# GDB - Breakpoints¶

Learning Outcome

Able to set, view and remove breakpoints using the break, info break and delete commands.

Introduction

Breakpoints are used to halt the execution of the program at a specified point in the code. Once execution is halted, one can inspect variables or use it as a starting point to investigate potential problem sections line by line.

Applicable subjects

COMP1521, COMP2521, COMP3231

## break¶

Place a breakpoint at at a specific line number.

```(gdb) break <filename>:<line number>
```

Place a breakpoint at a function.

```(gdb) break <filename>:<function>
```

Note

If you only have one file, you can omit the ‘<filename>:’

## info break¶

List all breakpoints (including their breakpoint number and where they are in the program).

```(gdb) info break
```

## delete¶

Delete a breakpoint so it no longer stops a program. Use info break to find the number that corresponds to a particular breakpoint.

```(gdb) delete <breakpoint number>
```

## Example¶

We know that our factorial.c code from the previous module produces incorrect output. Let’s set a breakpoint in our code, so that we can investigate what our code is doing.

`factorial.c`

factorial.c
 ``` 1 2 3 4 5 6 7 8 9 10 11 12 13 14 15 16 17 18 19 20 21 22 23 24 25 26 27 28 29 30 31``` ```//This program calculates and prints out the factorials of 5 and 17 #include #include int factorial(int n); int main(void) { int n = 5; int f = factorial(n); printf("The factorial of %d is %d.\n", n, f); n = 17; f = factorial(n); printf("The factorial of %d is %d.\n", n, f); return 0; } //A factorial is calculated by n! = n * (n - 1) * (n - 2) * ... * 1 //E.g. 5! = 5 * 4 * 3 * 2 * 1 = 120 int factorial(int n) { int f = 1; int i = 1; while (i <= n) { f = f * i; i++; } return f; } ```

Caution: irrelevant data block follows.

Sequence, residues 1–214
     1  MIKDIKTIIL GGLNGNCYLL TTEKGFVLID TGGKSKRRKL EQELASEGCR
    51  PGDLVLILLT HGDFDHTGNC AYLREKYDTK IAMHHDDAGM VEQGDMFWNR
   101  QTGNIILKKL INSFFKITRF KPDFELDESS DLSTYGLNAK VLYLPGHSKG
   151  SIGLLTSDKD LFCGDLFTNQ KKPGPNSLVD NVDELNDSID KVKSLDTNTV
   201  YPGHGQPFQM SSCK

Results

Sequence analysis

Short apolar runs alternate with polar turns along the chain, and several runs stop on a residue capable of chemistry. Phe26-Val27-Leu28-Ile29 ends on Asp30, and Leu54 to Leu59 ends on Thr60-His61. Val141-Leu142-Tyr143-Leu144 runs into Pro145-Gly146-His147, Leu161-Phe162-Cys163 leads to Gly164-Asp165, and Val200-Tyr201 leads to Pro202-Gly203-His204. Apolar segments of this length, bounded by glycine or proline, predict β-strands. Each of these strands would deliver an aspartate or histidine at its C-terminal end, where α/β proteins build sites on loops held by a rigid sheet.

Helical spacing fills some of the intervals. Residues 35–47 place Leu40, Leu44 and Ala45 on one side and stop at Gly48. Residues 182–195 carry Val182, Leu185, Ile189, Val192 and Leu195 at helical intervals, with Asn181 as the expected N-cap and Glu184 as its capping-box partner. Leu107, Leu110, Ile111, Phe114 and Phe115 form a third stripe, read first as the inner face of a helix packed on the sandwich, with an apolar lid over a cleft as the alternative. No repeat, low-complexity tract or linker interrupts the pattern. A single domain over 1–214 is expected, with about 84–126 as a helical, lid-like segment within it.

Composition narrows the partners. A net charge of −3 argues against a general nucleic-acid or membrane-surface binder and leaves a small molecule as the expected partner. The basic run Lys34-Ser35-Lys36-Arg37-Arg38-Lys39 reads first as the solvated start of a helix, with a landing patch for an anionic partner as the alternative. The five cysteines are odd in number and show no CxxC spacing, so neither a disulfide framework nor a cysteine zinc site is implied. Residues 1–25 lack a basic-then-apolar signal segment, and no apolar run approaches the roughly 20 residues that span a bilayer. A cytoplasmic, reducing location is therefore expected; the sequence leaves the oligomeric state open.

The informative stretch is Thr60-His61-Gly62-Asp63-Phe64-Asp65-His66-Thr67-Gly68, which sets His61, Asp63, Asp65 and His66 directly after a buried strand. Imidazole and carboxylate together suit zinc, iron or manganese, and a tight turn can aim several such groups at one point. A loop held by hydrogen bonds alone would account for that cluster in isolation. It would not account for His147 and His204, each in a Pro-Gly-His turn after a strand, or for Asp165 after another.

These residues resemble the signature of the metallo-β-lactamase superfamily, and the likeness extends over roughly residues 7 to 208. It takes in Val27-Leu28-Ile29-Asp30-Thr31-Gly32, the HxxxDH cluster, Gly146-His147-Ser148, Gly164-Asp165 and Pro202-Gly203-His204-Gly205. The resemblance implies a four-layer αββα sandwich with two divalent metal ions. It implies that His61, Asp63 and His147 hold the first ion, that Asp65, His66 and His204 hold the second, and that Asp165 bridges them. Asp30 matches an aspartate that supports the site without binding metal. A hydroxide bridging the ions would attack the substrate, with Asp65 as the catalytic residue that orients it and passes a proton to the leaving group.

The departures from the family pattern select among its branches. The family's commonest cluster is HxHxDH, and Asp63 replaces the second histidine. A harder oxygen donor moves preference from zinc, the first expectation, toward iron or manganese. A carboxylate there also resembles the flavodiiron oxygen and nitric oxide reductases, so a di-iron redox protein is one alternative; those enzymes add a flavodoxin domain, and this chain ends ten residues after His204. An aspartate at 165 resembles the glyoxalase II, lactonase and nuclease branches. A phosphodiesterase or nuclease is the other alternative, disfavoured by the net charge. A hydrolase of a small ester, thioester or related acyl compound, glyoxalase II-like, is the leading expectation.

When we run the above code, the following output is given:

```The factorial of 5 is 120.
The factorial of 17 is -288522240.
```

We know that the value of 17! should be 355,687,428,096,000 not -288522240, so something has gone amiss!

We printed out both the arguments to the function, and the return value of the function (lines 13 and 15). The arguments are correct but the return value is not and therefore we know that something went wrong inside the factorial function. Now we can use breakpoints to stop the program in this function and take a better look at what is happening.

Recap

In the previous module we compiled the code for use with GDB and started a GDB session. Don’t run it just yet.:

```\$ gcc -Wall -g -o factorial factorial.c
\$ gdb factorial
```

The program appears correct when 5 is passed in as a parameter to the factorial function, so we should begin our debugging where the function is called with 17 as the parameter. We should place a breakpoint at line 15 which is where this function is called with this value.:

```(gdb) break 15
```

Note

When you break on a line, it doesn’t execute that line yet.

Next run the program:

```(gdb) run
```

Instead of printing the calculated factorials of 5 and 27, as it did without the breakpoint, the program stops at line 15 and only prints the factorial of 5.

```The factorial of 5 is 120.
Breakpoint 1, main () at factorial.c:15
15              f = factorial(n);
```

In order to investigate what went wrong, we need to learn to view the state (variables) of the program.

Module author: Liz Willer <e.willer@unsw.edu.au>

Date

2020-01-15